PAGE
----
A Successful Balancing Act


Thank you for the article by Rusty Strauss in April LD (page 54). Having subscribed to the magazine since 1980, I've found a lack of stories about small rigs, design anywhere other than New York and Los Angeles (yes, I realize that's where the bulk occurs), and shows with really small budgets, so I really enjoyed reading about somebody who is doing a great job with very little equipment. Sure, it's fun to see how many automated lights and multiple interconnected control consoles with wireless DMX were used on a show, but I think a majority of lighting design probably falls in the under $5,000 category.

How about some more of the type of Rusty's article? What about articles on university design? Tiny theatre? Party support (over 100 fixtures doesn't count)? Great shows with less than 50, 40, 30 lights. How about a “load-in/show from hell” featurette? I think there would be a lot of interest in the lighting community.
David Adcock
DCA Productions
Arlington, VA

Editor Robert Cashill responds: Rusty sent in other responses to his well-received piece from the road (the troupe, by the way, was a critical and commercial hit in its New York engagement). Wrote LD Tom Kenny, “I'm fortunate enough to be the lighting designer for the Who, David Bowie, VH-1, Page and Plant, and I lit Eric Clapton for eight years, so you can imagine the budgets I have had to play with. The idea of ‘less is more’ has always been my motto, as I come from Dublin, and it still is. As I gained experience I found that you don't need all that crap up in the air, just a very positive attitude in every circumstance.”

Curtis Templeton, production director for the Central Christian Church in Las Vegas, wrote, “I have subscribed to LD for over three years now, and quite frankly, your article on The Peking Acrobats tour was about the best I have read. Little did you know that your article has probably spoken to a majority of the frustrated church LDs across the country. I started our lighting team at our old facility with 14 PARs and eight ellipsoidals in a converted gym. It's amazing how creative you can get with that amount of fixtures over a couple of years! Anyway, you speak the truth in your article and your ingenuity is quite impressive. We moved into our new 3,000-seat theatre about a year ago and, like you talked about, hired a guy with a great heart and attitude, and a little know-how in lighting. Since then we have sent him to LDI and the Broadway Lighting Master Classes, and he's headed to High End Systems school this year. Our new facility came with quite a few new toys — an ETC Expression 3, an Avolites Pearl 2000, 24 intelligent fixtures, over 300 conventionals, and a huge learning curve! But he has adjusted well and continues to grow in creativity and design. I have given him this article to read and hopefully it will inspire him more.”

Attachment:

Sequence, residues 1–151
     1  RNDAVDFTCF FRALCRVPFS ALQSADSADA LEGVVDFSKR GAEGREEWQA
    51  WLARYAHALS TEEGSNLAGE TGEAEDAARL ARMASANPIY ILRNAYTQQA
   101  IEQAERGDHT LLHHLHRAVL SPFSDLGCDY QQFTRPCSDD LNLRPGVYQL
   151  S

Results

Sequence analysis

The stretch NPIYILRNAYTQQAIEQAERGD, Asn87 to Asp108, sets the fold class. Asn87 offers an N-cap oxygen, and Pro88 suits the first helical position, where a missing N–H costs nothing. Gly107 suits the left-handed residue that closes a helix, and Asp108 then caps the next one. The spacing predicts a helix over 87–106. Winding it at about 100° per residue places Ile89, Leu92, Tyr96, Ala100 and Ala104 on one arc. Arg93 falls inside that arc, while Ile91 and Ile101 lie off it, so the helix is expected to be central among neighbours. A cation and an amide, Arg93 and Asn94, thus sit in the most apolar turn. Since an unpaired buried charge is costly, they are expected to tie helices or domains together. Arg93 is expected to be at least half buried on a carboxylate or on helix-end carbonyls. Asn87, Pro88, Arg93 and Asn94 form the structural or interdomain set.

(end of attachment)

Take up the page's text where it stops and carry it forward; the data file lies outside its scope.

To all, I say, thanks for your enthusiastic responses. We're delighted to run articles of the caliber Rusty submitted — when we receive them. But shows and events in the under $5,000 range, across the country and around the world, tend not to be on our radar screen unless someone calls our attention to them. We're always interested in hearing from the university community in particular, and would be happy to consider articles similar to Rusty's for our magazine and website, with first-person editorial, photos, and light plots where appropriate (being a lighting magazine, it's difficult for us to run stories if good-quality photos and documentation aren't available to us, and we don't have a staff photographer to send to events).

“Show from hell” stories are a kick, too, but, diplomacy being what it is, are often hard to get for publication; we've had one or two wither on the vine when the designer decided on discretion at the 11th hour. Volunteers…?

On other matters: Stephen Pollard wrote to praise Sharon Stancavage for her April piece “Cité Nights” (page 17). “Thanks for your attention to detail,” he writes. “All other articles I've come across just copy the press release word for word.” We at LD pride ourselves on weeding the fluff from the PR we receive and getting to the heart of the matter, which our readership demands. Other editors should, too, but that's their business.

We also correct our mistakes, another rarity in this field. Regarding the April Light Side (“Electoral collage,” page 96), an otherwise satisfied Ajay Patil points out that “CEI [received] an assist from both Bandit Lites and LD Systems. I do not want to undermine or belittle the contributions from them, but the fact of the matter is that there were nine balls and CEI was the primary lighting and audio provider.” Our story gave a misleading impression. Similarly, the ServoSpot 250, from Techni-Lux, was misidentified in April Product News (page 86). The offending writer has subjected himself to a lacerating self-criticism, offers apologies…and plans to stick to editing the superlative contributions of others.